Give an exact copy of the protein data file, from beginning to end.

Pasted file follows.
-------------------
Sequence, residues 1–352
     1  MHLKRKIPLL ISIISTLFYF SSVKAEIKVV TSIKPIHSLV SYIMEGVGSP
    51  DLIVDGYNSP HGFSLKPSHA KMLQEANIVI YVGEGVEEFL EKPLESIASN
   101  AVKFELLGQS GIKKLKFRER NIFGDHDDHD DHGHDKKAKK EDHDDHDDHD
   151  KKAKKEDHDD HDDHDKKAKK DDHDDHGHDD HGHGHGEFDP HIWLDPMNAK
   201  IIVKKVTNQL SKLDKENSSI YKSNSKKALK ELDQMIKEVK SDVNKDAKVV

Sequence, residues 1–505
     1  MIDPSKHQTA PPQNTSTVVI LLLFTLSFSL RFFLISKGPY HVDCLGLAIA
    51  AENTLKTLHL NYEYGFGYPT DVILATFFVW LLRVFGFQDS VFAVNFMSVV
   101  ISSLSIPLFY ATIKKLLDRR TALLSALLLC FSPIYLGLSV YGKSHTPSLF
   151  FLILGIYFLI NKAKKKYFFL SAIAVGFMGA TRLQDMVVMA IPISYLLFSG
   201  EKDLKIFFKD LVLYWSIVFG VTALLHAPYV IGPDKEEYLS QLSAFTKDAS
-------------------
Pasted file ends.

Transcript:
Sequence, residues 1–352
     1  MHLKRKIPLL ISIISTLFYF SSVKAEIKVV TSIKPIHSLV SYIMEGVGSP
    51  DLIVDGYNSP HGFSLKPSHA KMLQEANIVI YVGEGVEEFL EKPLESIASN
   101  AVKFELLGQS GIKKLKFRER NIFGDHDDHD DHGHDKKAKK EDHDDHDDHD
   151  KKAKKEDHDD HDDHDKKAKK DDHDDHGHDD HGHGHGEFDP HIWLDPMNAK
   201  IIVKKVTNQL SKLDKENSSI YKSNSKKALK ELDQMIKEVK SDVNKDAKVV

Sequence, residues 1–505
     1  MIDPSKHQTA PPQNTSTVVI LLLFTLSFSL RFFLISKGPY HVDCLGLAIA
    51  AENTLKTLHL NYEYGFGYPT DVILATFFVW LLRVFGFQDS VFAVNFMSVV
   101  ISSLSIPLFY ATIKKLLDRR TALLSALLLC FSPIYLGLSV YGKSHTPSLF
   151  FLILGIYFLI NKAKKKYFFL SAIAVGFMGA TRLQDMVVMA IPISYLLFSG
   201  EKDLKIFFKD LVLYWSIVFG VTALLHAPYV IGPDKEEYLS QLSAFTKDAS